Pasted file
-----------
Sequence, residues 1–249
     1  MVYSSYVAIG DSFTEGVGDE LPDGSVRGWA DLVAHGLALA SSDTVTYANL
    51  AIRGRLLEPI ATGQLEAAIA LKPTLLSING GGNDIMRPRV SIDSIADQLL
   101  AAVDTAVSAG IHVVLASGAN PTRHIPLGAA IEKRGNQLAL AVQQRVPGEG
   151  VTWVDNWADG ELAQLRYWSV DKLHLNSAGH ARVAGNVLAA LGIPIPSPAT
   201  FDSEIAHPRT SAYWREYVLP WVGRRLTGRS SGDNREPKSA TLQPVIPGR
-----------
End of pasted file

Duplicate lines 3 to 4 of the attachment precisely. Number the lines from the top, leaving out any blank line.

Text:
    51  AIRGRLLEPI ATGQLEAAIA LKPTLLSING GGNDIMRPRV SIDSIADQLL
   101  AAVDTAVSAG IHVVLASGAN PTRHIPLGAA IEKRGNQLAL AVQQRVPGEG